My Lords, the Government have no plans to introduce identity cards for British citizens.
My Lords, with Brexit, increasing levels of immigration, concerns over international terrorism, personal security, fraud, voter registration and access to public services, do not advances in biometric detail data collection now give us a new opportunity to consider introducing identity cards? We need them now. We need them urgently. I believe that the majority of the British people want them. The Liberal Democrats can no longer block them. So why not have a rethink?
My Lords, the Government’s focus is on enhancing the security of existing documents while at the same time recognising the direction of travel towards digital identities that may reduce the reliance on physical documents. Some 84% of UK citizens in this country hold a UK passport, the vast majority of which are biometric. Those who have immigration status in this country hold a biometric resident’s permit. It is not appropriate to sweep this away in favour of identity cards.
My Lords, does my noble friend, given what he has just said about passports, recognise that in order to defend our borders it is essential that immigration officers are fully aware of who people are, and that other nationality passports held by a British passport holder should be revealed when the British passport is scanned? At the moment that is not the case. The Home Office has constantly resisted my attempts to get this introduced, largely because it does not like other people’s ideas. Will he kindly see that something is done? Otherwise the Government will be failing in a big way in their responsibility to defend our sovereignty and borders.
Noble Lords will have been appalled by the murder of 32 innocent people in Brussels in March at the hands of terrorists, in a country where the carrying of national identity cards is compulsory. Can the Minister say how identity cards would make us safer in the UK when they appear not to make people in Belgium any safer?
As may be appreciated, the position of the Government is that they would not contemplate introducing identity cards at present. If they believed that their introduction would bring a material increase in security, their position would of course change.
Will the Minister be surprised to hear that when I was a Member in the other place, I held a consultation and conference on identity cards in my constituency? One of the responses that most surprised people was from married women—most but not all from minority ethnic communities—who said that they had no access to their passports, that they did not have a bank card or a savings account and that they could not prove who they were. Indeed, some of them said that when they had become victims of domestic violence and had gone to Bristol City Council, they were told that they could not be rehoused because they could not prove who they were. They said to me: “If you allow me to have an identity card, I would be someone”. Have the Government thought about those issues?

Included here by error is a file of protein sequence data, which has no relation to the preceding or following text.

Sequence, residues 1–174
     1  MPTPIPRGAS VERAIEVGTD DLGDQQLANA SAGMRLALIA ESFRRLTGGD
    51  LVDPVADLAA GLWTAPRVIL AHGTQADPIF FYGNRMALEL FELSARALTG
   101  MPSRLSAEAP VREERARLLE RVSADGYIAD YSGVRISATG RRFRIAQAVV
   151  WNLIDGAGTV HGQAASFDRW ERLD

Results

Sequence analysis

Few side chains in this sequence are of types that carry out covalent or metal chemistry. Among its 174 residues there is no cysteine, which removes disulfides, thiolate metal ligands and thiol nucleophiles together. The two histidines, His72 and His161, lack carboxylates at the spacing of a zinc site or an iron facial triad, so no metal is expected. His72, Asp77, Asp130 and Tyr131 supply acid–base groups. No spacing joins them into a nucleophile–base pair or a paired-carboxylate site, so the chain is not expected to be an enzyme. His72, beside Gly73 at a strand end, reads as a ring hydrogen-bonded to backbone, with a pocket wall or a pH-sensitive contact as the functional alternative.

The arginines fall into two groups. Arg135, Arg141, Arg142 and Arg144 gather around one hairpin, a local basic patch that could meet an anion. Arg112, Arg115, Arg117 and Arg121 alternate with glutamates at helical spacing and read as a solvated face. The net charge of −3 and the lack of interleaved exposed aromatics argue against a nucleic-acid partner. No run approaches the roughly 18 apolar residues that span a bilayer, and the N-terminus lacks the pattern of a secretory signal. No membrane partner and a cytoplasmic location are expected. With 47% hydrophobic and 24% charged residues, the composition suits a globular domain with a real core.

We have heard in the course of today’s debate about the rise in attacks against minorities. One thing that concerned minorities was that if you introduced an identity card it would open the door to harassment of people who speak a foreign tongue or with an accent, or you might have victimisation of people with a different colour of skin. There was a sense in which ID cards would create those sorts of problems for people from minorities. Does my noble friend agree that the answer to the issue she raised is to have better facilities for people who experience domestic violence and oppression within their communities and from their partners? That is the answer, not identity cards.
I accept that the plans for ID cards got out of hand from when they started, at the time when I first went to the Home Office. But the Minister, as Home Office Minister, must know that this country is one of the easiest to work in illegally. That is one of the greatest pull factors for the merchants sometimes of death who traffic in people. Couple that with no ID card and it is money in the bank for these people. First we should stop it being made so easy to work illegally. That goes hand in glove with securing people’s identity. The two things should be done together.
My Lords, one of the main reasons to have the card is for a person to protect their identity and get access to all the things that can now be done digitally online. When I started the cybersecurity policy and we did all the work with the banks and stock exchanges, we found that it was best to have cards for individuals, with biometrics that can be used with computers—for people’s own security. All this other stuff about checking up on people and everything is a sideline as far as I am concerned. It is actually to save the identity and personal details of the individuals in this country and enable them to get digital access to all the new systems that are coming. The only way of doing that, as we found with the banks and stock exchanges, is to have some sort of card—calling it an identity card gets everyone terribly excited—that has biometrics on to let them do it safely.